Rachel Weisz shines in “the Whistleblower” — without strong studio support
By Eleanor Ringel Cater
In the movies, characters are generally less likely to whistle while they work (unless they’re cartoon dwarfs), than blow the whistle on unscrupulous employers.
From “Serpico” to “Silkwood” to “The Insider,” heroically challenging the System has been a good route to the Oscar short list.
Rachel Weisz already has an Oscar (for “The Constant Gardener”), but I think she’d be in the running again if her new movie, “The Whistleblower” had some studio heft behind it. Instead, it’s one of those game, low-budget, low-profile efforts that just won’t attract enough attention.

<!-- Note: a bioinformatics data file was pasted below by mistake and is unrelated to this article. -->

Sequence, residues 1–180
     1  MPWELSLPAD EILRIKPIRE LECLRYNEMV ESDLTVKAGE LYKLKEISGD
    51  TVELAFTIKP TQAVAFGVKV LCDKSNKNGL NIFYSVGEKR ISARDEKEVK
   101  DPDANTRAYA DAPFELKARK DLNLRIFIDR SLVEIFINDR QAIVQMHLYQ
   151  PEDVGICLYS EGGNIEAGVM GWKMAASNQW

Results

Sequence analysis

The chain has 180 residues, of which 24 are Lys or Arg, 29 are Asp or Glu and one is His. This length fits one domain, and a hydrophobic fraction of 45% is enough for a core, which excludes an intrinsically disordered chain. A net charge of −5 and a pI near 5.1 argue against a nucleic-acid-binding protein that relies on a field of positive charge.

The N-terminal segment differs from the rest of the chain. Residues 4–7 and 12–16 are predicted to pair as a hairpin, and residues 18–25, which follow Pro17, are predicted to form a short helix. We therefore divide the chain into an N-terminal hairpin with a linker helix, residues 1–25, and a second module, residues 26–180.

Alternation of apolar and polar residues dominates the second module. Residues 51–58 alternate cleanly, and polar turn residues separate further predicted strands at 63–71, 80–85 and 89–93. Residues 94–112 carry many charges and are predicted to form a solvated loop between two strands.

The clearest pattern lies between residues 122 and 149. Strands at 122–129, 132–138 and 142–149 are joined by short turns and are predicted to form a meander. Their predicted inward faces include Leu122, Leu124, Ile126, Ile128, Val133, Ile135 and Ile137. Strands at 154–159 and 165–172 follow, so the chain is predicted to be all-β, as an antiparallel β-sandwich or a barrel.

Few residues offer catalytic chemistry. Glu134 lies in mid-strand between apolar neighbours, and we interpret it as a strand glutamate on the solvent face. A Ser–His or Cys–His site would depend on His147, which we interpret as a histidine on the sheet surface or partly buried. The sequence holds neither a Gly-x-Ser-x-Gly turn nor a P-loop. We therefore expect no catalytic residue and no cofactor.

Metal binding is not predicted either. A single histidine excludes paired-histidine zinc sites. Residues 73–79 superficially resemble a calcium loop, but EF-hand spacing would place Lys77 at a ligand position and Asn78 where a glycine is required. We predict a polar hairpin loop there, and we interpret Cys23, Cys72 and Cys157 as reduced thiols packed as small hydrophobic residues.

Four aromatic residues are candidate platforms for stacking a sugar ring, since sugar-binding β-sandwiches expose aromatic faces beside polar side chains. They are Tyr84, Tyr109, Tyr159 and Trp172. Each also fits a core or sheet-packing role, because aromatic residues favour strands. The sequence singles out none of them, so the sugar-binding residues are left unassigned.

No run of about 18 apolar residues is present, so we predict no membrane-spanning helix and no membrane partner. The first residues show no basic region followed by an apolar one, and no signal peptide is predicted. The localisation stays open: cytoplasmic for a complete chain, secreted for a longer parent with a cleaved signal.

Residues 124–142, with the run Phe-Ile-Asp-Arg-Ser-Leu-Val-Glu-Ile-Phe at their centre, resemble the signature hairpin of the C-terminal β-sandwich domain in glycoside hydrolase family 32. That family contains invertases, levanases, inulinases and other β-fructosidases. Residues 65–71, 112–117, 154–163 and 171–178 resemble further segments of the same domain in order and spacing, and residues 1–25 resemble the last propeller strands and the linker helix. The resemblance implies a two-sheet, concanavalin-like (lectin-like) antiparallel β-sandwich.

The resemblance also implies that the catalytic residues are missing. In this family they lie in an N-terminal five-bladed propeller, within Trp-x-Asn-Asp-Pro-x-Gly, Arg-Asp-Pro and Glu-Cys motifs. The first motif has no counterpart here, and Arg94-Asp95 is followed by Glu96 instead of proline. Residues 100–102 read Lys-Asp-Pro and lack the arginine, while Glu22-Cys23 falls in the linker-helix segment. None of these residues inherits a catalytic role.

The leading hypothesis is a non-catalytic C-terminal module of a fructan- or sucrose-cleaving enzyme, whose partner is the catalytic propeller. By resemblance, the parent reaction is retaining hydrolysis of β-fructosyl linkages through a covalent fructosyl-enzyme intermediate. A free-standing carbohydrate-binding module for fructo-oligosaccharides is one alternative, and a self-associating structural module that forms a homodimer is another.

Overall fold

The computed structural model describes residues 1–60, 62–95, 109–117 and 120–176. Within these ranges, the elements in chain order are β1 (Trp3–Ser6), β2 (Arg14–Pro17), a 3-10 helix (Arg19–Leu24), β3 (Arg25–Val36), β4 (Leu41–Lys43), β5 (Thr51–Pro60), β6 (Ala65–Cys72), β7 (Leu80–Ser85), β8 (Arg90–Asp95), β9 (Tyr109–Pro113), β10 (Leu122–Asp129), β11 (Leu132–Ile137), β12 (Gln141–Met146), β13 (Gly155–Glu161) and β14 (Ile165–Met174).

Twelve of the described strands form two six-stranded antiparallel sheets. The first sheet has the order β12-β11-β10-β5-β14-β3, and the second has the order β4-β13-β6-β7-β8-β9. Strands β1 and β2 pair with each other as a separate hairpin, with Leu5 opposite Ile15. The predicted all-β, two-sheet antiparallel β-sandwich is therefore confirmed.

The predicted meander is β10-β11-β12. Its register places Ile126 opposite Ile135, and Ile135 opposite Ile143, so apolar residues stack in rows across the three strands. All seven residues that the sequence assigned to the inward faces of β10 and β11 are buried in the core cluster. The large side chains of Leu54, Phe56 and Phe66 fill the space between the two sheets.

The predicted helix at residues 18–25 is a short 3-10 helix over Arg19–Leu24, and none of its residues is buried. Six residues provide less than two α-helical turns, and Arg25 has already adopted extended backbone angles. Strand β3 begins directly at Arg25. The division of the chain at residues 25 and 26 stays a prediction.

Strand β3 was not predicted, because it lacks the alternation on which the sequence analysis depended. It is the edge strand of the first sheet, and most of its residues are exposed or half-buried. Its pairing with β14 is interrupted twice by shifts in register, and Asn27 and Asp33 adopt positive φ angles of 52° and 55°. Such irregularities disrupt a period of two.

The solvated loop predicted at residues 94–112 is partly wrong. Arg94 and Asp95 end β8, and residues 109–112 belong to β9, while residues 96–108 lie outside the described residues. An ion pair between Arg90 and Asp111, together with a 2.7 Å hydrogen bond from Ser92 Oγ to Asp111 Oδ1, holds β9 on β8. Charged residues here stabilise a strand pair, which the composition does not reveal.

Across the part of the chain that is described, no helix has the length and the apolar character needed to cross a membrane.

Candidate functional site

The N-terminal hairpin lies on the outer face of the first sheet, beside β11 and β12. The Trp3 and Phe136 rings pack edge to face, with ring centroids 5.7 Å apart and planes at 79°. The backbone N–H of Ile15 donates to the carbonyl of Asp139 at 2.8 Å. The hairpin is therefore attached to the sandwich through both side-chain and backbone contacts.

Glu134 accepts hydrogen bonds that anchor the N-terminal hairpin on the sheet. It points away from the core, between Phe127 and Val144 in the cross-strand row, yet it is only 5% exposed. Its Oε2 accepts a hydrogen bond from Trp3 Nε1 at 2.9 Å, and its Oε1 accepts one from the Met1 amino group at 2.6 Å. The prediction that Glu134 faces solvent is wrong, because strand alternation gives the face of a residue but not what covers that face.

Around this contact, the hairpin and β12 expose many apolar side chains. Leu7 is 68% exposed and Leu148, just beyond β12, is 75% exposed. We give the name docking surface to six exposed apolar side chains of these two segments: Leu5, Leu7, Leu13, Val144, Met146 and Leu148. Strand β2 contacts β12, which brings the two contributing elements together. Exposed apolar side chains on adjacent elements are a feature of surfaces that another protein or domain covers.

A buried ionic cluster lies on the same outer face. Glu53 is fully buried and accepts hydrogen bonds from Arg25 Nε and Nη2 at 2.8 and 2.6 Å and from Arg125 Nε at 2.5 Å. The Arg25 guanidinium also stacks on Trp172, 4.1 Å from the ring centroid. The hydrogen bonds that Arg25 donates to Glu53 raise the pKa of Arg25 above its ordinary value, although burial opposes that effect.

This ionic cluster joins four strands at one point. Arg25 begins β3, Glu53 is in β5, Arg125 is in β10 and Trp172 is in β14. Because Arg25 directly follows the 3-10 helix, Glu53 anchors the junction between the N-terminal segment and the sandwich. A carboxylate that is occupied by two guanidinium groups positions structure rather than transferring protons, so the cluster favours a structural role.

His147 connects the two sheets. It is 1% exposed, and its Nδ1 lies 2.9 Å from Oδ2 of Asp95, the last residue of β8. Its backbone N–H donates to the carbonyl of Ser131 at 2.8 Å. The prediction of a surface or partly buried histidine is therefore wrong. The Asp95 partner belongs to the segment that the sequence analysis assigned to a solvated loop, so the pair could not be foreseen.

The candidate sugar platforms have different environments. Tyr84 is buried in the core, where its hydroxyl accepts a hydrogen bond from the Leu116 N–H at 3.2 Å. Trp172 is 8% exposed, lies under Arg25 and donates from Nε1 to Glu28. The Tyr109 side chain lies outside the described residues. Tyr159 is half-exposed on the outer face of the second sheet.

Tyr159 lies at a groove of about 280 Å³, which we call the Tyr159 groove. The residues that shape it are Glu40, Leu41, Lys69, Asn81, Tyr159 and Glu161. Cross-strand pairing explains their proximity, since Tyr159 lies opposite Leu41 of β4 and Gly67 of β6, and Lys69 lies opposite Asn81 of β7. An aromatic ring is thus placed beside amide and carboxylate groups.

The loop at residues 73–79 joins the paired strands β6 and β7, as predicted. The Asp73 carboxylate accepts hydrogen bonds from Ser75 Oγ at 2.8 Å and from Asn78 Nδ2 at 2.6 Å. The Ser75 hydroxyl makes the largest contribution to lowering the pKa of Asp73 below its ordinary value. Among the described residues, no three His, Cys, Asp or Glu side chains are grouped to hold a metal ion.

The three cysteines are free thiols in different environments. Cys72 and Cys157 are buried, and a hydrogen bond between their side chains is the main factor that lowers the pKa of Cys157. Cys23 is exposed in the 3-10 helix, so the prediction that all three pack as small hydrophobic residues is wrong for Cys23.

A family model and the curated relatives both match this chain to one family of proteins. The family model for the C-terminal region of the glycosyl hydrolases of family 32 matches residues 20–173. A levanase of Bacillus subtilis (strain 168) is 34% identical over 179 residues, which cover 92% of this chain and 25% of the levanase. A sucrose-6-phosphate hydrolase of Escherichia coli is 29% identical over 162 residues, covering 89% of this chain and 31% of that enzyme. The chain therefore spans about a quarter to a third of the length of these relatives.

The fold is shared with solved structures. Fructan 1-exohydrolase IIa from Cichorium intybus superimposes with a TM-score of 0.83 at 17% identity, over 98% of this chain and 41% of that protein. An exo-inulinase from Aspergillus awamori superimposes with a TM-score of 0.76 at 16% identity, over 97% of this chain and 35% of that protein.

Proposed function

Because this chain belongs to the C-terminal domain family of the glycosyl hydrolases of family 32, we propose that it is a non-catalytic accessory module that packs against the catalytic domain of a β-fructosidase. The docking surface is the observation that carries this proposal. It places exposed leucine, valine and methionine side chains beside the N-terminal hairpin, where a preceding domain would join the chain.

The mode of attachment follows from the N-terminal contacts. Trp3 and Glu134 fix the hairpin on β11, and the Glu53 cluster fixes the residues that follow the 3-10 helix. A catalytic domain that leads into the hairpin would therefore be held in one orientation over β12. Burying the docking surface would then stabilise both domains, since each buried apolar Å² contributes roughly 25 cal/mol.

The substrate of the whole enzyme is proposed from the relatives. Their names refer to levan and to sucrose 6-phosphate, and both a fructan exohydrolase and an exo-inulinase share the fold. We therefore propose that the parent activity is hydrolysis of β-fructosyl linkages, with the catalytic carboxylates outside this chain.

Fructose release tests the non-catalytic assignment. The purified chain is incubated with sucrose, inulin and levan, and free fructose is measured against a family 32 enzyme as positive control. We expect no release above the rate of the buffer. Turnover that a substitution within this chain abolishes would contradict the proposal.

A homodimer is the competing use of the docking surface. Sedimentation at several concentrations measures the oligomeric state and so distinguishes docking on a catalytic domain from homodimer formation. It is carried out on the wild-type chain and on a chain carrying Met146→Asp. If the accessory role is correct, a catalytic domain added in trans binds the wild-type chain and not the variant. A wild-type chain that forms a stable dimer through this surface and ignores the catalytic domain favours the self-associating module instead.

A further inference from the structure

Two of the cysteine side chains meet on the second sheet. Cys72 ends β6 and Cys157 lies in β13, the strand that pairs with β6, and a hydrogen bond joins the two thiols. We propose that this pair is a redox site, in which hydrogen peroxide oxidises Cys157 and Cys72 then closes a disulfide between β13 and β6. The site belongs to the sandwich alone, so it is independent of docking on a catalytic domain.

Too bad, because she gives a helluva a performance as an American cop drafted by a private security company as a United Nations peacekeeper in post-war Bosnia.
When she happens on a singularly despicable example of the sex trade (are there any other kind?), she blows every whistle she can find. And pretty much blows her own career as she slowly realizes — surprise — everyone who is anyone is already in on the deal, from the cops to her colleagues.
Based on a true story, the movie makes you wish it could’ve had more impact. Especially since it’s playing over Labor Day weekend, when we should all remember, your workplace isn’t your family…unless your last name is Corleone